1. The duration and frequency of tentacle-regulating potentials (TRPs) recorded from the vacuole of Noctiluca miliaris were modified by both steady and abrupt changes in the vacuolar potential. The spike frequency increased linearly with an increase in the vacuolar negativity over the range of 0 to -50 mV.
2. A transient decrease of impedance across the soma occurs coincidentally with the negative-going TR spike recorded from the vacuole. Local measurements of impedance changes as well as local surface potential recordings indicate that the TR spike does not propagate over the remainder of the cell from its region of origin near the base of the tentacle. Specimens without visible tentacles exhibited TRPs of normal shape.
3. Concurrent potential recordings from the vacuole and the perinuclear cytoplasm indicate that the vacuolar membrane bordering that portion of the cell is inactive. Except for a relatively more pronounced post-spike hyperpolarization the TRP shape and polarity in the perinuclear cytoplasm, referred to the sea-water bath, are similar to those recorded from the vacuole, but are of smaller amplitude.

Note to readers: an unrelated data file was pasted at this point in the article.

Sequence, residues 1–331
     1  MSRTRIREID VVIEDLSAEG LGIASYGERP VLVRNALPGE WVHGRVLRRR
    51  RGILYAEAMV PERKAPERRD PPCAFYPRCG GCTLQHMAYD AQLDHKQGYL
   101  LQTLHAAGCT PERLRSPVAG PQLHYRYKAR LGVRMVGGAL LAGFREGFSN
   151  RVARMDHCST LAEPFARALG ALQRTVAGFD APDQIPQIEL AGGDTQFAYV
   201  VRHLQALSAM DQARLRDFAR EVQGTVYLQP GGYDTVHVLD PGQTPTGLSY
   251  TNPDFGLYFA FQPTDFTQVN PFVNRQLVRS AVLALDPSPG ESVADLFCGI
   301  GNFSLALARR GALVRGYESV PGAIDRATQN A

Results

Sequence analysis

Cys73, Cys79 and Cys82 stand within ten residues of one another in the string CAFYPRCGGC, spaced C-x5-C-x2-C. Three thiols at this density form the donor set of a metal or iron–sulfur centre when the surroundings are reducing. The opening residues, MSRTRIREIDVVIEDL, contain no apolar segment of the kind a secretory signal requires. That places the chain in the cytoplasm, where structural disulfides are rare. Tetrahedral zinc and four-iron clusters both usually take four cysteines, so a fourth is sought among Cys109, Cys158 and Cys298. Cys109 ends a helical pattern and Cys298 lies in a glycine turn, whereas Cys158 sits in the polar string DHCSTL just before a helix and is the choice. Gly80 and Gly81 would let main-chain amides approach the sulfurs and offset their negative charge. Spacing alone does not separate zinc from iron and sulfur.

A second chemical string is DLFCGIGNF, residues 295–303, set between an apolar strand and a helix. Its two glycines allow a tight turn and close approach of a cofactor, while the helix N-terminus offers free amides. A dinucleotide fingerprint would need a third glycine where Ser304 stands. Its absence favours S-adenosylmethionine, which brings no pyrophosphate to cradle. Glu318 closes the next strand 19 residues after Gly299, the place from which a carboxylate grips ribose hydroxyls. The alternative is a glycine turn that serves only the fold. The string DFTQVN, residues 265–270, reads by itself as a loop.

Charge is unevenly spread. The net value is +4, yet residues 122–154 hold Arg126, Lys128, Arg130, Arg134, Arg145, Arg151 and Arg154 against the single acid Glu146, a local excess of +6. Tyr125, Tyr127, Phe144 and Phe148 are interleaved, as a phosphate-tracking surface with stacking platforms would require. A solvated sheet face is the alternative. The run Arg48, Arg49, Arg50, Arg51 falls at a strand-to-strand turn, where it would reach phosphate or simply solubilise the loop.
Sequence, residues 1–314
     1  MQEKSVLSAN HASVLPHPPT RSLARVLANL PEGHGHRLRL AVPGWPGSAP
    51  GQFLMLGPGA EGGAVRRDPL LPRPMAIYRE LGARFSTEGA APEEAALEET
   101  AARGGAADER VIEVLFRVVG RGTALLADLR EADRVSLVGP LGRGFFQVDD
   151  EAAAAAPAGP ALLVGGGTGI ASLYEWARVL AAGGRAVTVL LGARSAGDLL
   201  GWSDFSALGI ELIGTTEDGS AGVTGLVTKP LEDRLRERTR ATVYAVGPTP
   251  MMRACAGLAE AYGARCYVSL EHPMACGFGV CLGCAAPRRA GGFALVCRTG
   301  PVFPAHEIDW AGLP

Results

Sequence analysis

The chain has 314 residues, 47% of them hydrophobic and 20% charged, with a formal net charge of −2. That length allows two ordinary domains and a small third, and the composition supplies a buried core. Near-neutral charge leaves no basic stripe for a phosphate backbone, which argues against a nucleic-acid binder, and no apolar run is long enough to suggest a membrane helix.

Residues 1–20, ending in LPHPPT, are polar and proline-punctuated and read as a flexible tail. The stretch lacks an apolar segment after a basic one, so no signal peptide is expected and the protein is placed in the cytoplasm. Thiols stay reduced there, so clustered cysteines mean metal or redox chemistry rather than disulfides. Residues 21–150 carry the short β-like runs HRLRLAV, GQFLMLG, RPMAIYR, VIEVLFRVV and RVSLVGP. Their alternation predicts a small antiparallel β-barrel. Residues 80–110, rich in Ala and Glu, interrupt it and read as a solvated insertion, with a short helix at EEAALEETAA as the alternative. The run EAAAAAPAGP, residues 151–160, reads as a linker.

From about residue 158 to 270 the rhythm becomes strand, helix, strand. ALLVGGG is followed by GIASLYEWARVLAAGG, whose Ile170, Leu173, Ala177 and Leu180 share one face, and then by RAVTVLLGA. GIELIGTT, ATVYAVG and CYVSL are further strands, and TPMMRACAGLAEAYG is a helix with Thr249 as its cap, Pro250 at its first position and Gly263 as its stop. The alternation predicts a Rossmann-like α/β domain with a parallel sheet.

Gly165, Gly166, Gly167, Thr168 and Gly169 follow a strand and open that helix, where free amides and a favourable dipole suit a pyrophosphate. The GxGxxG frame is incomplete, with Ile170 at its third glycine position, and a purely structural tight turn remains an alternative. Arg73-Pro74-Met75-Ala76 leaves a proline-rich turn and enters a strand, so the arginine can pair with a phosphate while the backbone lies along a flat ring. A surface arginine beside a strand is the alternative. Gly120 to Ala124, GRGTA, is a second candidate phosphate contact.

4. The TRP appears to consist of a pre-spike pacemaker potential and an action potential having a prolonged post-spike plateau, the pattern recorded from the vacuole being the approximate inverse of that which would be recorded if a microelectrode could be introduced into the cytoplasm adjacent to the electrically active portion of membrane. Several of the findings indicate that the active membrane faces the vacuole and is electrotonically isolated from the perinuclear cytoplasm except through the vacuole.
On leave of absence from Biological Institute, Faculty of Science, Tohoku University, Sendai, Japan.